She explains, “I took up the teaching line in anatomy and was interested in ultrasound, so I went towards the clinical side for one and a half years, I also worked in Manipal Hospital as a senior resident doctor. Night duties in the hospital became problematic with my son as my mother-in-law was not there with me, so I quit that job and came back to teaching.” 

She however loves her teaching job, “The new generation of doctors do not talk to their patients because of the long queues of people waiting to see them and they want to see as many patients as possible in a day, so impatiently, they quickly write something out for the patients and push them out to directly go for CT scans, ultrasounds without noting the signs and symptoms in the patient.  There is no personal touch or caring.  Once again, after their illness is diagnosed, they do not convey to the patient properly what was the problem and what steps to take, nor do they serve the patients their options.  The doctors need to show them different modalities of treatment which and required them to communication properly.

“Therefore, I encourage my students to develop doctor-patient communication skills with more empathy and compassion, some emotional attachment is necessary.  A patient needs to feel trust in a doctor to return to them. In the early days, a patient would only go back to their favourite doctor holding him in great esteem. These days it is sad to see patients changing the doctor midway during the treatment while complaining that the previous one was noncommittal and indifferent or even rude.  These days, most of the doctors are cold and detached.” 

Dr Azra Nalatwad at the hospital (wearing a black Abayya)

She says her students are becoming aware of the bad doctor-patient cases as newspapers report about incidents of people assaulting doctors. “We guide them so that they will not learn through bitter experience but rather as we say, prevention is better than cure, so we teach them that when they are checking female patients, they need to take their consent and explain why they need to touch her body.”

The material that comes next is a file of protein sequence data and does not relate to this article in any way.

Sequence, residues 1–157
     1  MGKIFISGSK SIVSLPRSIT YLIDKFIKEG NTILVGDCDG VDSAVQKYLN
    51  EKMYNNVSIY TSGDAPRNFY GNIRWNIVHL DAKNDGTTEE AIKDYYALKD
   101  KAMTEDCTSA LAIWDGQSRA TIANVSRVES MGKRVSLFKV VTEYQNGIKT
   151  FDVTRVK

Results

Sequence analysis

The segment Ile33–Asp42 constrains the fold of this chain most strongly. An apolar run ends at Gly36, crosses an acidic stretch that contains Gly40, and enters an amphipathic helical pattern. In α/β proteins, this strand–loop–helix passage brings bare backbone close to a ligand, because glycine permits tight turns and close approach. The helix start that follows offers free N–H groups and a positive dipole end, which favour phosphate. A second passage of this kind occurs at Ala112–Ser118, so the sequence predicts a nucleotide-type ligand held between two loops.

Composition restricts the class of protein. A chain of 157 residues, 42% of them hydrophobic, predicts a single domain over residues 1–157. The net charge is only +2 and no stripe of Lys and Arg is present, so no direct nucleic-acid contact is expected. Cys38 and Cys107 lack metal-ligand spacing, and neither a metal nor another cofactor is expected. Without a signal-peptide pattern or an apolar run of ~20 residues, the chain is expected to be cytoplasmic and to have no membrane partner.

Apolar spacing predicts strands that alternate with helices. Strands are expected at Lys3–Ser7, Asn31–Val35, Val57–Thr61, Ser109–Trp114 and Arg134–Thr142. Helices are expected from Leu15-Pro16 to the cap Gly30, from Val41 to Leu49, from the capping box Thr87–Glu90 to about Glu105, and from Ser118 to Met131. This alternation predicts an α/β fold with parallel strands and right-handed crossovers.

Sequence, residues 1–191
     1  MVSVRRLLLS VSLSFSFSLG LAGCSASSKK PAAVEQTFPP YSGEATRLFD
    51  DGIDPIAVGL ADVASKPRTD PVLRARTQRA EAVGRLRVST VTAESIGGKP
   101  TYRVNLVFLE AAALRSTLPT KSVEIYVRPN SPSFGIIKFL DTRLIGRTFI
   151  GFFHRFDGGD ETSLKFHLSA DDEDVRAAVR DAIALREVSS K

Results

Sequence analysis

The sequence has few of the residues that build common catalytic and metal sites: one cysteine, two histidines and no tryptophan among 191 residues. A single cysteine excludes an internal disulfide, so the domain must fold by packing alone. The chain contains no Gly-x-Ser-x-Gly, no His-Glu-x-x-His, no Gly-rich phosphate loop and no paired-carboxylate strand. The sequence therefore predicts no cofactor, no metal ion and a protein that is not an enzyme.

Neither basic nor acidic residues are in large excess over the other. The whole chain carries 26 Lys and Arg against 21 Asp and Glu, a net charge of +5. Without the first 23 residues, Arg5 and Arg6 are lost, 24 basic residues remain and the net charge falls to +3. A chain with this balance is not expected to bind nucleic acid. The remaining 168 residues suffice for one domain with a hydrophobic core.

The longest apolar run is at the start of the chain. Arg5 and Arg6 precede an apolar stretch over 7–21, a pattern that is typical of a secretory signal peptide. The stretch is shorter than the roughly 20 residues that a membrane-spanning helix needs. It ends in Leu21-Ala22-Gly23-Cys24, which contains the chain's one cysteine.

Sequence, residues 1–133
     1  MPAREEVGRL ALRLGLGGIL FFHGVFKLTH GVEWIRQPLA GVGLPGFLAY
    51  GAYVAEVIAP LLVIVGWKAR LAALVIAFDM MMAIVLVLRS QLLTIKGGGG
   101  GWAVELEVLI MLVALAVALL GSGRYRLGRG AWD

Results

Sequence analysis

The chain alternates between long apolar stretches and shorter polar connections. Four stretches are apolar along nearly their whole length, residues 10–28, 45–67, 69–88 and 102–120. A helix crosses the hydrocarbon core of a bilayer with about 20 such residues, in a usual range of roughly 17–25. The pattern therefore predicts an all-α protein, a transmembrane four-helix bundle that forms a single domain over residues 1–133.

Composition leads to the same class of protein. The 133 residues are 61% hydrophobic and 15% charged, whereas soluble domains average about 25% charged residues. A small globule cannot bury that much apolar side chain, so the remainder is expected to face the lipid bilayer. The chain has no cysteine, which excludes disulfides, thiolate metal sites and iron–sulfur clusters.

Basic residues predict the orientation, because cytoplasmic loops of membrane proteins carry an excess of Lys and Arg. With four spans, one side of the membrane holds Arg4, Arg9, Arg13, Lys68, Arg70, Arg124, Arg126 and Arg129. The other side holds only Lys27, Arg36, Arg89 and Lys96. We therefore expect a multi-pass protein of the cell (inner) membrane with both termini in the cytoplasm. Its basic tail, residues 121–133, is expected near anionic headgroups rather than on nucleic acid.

I tell students, “You suddenly cannot ask her to lift her clothes without her consent, even if one is checking the wrist, the patient needs to be informed what the doctor is doing.”  Thus, we teach our students to inform the patient before doing even a tiny procedure or even checking the pulse or temperature as a form of respect between the doctor and the patient and leave the lines open for good communication.  Just directly touching the patient does not work nowadays.  Teaching is a great responsibility where one does not just teach and go but has to inculcate empathy, sensitivity, communication skills, and other qualities in our students.” 

Brightening up, she said, “One thing I am looking forward to is I am going to open my clinic very soon working as a family physician, serving my residents, and treating small illnesses, which do not require complicated procedures.”

She continued, “Why I want to start my clinic in Bengaluru is to ease the burden of the poor in a modest area.  Nowadays, for simple sicknesses, people are going to big hospitals and get embroiled in unnecessary expenses and procedures. The OPD fees will be more than Rs. 500 or Rs. 750, an outrageous amount not required for small illnesses which is ripping the pockets of the poor.  Things like a common upper respiratory tract infection, ear pain, or other little illnesses do not need an OPD visit but rather a small affordable clinic with a small fee such as Rs. 50 or Rs. 100 to make it very light and easy for them.”

She explained, “In big health centers, there is a lot of corruption going on where they hoodwink patients into paying large amounts of money for unnecessary tests, procedures, and treatment.  I feel if I can help the poor in a smaller way such as this evading all the bribing that happens in big clinics and enabling health care at their doorsteps, figuratively.  I want to ensure that they get immediate help and cure for their illness without running to mega hospitals to give large amounts of money which they cannot afford, to get treated.” 

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To pay tribute to the man who worked hard and changed his destiny, Dr Azra says she would name her hospital after her father. That she says would take a little time. Right now, besides taking care of her parents-in-law and husband, she has to look after her 12-year-old son and four-and-a-half-year-old daughter. 

Rita Farhat Mukand is an independent writer